Female eggs exposed to THC, the psychoactive ingredient in marijuana, have an impaired ability to produce viable embryos, and are significantly less likely to result in a viable pregnancy, according to an animal study accepted for presentation at ENDO 2020, the Endocrine Society’s annual meeting. The abstract will be published in the Journal of the Endocrine Society.
A chemical used in hydraulic fracturing, commonly called fracking, has the potential to interfere with reproductive hormones in men, according to research accepted for presentation at ENDO 2020, the Endocrine Society’s annual meeting, and publication in a special supplemental section of the Journal of the Endocrine Society.
Article title: COVID-19 infection and mortality – A physiologist’s perspective enlightening clinical features and plausible interventional strategies Authors: Zaid A. Abassi, Karl Skorecki, Samuel Noam Heyman, Safa Kinaneh, Zaher Armaly From the authors: “Cleavage of the S-glycoprotein by furin and its…
A PLOS ONE study showed that an online version of Harvard’s Mind/Body Program for Fertility achieved results similar to the in-person counseling program, more than doubling pregnancy rates for women with infertility. Because many women can’t access in-person therapy, the online program fills a gap.
UC San Diego researchers discover the enzyme SPRK1’s role in reorganizing the paternal genome during the first moments of fertilization — a finding that might help explain infertility cases of unknown cause.
At a glance:
Experiments in worms reveal the molecular damage caused by DEHP, a chemical commonly used to make plastics flexible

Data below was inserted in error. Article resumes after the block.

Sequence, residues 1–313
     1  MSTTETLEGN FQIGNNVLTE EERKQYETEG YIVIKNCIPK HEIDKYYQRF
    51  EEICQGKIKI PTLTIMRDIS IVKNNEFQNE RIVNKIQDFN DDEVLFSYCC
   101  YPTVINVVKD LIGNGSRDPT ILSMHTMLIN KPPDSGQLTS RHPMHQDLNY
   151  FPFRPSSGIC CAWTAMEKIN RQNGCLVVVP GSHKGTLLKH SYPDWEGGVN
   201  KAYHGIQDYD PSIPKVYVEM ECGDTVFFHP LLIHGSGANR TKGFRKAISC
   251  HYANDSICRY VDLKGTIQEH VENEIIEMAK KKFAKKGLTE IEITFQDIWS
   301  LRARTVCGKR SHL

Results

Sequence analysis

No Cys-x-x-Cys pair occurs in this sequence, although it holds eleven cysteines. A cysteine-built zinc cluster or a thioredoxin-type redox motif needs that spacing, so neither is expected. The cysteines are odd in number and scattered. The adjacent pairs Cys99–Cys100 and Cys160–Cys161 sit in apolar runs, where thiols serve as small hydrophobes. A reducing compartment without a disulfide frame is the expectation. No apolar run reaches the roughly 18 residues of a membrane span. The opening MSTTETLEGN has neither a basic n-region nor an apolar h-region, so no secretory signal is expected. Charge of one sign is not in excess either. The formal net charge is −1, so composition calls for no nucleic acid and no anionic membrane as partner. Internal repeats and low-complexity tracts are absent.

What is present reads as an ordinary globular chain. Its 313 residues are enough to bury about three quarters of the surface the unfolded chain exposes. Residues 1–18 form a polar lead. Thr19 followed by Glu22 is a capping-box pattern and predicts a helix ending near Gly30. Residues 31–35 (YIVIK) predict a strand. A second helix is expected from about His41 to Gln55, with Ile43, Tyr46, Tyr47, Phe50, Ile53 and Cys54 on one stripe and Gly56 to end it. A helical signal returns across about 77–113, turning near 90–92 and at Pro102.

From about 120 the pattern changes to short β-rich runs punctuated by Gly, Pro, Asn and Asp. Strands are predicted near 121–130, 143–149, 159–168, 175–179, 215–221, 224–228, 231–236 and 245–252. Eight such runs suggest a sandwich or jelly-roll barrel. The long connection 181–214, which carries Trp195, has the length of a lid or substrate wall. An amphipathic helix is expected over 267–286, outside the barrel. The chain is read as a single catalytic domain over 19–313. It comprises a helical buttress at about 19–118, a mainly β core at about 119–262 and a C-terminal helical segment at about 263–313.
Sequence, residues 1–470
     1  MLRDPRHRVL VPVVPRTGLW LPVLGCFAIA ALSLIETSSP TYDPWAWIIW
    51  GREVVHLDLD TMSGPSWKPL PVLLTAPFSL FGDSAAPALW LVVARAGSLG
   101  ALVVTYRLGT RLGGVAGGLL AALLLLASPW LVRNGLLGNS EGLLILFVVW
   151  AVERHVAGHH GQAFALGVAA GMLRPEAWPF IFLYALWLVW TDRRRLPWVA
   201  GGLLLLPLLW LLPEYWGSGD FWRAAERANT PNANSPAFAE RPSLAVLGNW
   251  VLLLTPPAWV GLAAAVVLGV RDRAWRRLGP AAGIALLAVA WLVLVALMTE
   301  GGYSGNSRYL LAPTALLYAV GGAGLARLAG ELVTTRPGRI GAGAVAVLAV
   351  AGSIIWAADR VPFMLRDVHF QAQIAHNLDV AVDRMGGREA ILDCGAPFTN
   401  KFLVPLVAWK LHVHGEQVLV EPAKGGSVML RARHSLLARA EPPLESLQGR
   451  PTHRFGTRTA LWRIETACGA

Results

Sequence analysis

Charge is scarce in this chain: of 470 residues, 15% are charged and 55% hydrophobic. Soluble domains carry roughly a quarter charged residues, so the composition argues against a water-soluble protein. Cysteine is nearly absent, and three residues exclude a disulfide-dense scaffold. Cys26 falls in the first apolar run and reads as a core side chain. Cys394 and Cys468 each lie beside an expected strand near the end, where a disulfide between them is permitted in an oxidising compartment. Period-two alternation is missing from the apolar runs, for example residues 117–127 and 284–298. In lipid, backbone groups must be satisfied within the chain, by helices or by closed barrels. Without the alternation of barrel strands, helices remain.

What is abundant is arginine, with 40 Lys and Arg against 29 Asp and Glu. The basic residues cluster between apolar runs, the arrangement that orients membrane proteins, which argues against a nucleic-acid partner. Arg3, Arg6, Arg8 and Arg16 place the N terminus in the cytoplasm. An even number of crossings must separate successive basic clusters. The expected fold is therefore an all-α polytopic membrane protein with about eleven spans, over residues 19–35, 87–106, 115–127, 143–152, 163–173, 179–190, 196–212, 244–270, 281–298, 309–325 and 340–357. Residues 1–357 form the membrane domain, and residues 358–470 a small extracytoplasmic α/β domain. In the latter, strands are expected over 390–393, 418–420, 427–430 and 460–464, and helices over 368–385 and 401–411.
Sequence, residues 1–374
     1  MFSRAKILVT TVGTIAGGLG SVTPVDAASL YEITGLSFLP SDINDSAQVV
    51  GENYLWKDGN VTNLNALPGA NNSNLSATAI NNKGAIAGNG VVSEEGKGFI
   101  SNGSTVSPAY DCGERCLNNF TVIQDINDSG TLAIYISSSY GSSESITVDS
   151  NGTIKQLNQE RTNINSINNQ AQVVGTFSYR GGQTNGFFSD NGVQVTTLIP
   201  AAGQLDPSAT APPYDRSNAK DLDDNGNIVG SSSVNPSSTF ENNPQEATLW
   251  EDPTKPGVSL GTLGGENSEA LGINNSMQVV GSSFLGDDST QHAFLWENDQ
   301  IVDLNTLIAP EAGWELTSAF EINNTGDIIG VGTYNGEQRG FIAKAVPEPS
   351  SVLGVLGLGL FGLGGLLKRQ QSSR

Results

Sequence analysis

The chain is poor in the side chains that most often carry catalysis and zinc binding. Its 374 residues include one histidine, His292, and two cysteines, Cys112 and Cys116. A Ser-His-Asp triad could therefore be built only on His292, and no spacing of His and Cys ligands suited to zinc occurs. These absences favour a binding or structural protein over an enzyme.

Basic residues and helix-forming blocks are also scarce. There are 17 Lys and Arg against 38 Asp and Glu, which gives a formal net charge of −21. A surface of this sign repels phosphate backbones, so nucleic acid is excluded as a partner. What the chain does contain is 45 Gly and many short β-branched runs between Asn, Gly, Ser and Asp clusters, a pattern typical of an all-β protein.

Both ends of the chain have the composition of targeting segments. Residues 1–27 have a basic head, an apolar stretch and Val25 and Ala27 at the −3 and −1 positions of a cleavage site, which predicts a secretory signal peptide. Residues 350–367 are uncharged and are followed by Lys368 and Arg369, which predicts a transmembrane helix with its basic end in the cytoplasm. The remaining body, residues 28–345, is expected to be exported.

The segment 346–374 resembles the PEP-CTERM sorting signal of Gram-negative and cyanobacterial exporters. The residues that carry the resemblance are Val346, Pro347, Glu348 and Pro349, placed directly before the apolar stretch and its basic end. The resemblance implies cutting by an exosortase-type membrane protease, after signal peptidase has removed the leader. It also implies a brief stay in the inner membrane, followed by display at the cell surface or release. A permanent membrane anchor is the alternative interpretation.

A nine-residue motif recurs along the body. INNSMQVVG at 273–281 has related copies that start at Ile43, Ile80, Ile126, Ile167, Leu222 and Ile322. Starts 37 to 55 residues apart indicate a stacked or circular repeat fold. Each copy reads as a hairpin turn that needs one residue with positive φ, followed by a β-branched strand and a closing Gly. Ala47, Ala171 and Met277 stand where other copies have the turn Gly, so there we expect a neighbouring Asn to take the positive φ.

DEHP interferes with proper cell division during egg formation, leads to excessive DNA breakage, alters chromosome appearance
Abnormalities help explain known link between DEHP and human birth defects, male infertility
If replicated in further research, the insights can help inform regulatory changes, consumer choice
Zinc and folic acid, a pair of dietary supplements long touted as an effective treatment for male infertility, failed to improve pregnancy rates, sperm counts, and sperm potency in a new study conducted at University of Utah Health and other medical centers in conjunction with the National Institutes of Health. According to the researchers, the finding presents the most definitive evidence to date that so-called fertility supplements do not live up expectations.
Direct-to-consumer hormone-based “fertility testing” for women is viewed by consumers as both an alternative, empowering tool for family planning, and a confusing and misleading one, according to the results of a new study from Penn Medicine. Findings from the small, first-of-its-kind ethnographic study reinforce the need for consumer education around the purpose and accuracy of the tests, which have seen increasing interest in recent years due to the low cost and widespread availability. The study was published in the journal of Social Science and Medicine.
Researchers from the University of Georgia, Emory University School of Medicine and the University of Pittsburgh have received a $2.9 million grant from the National Institutes of Health to test a novel method of producing viable sperm cells from skin cells.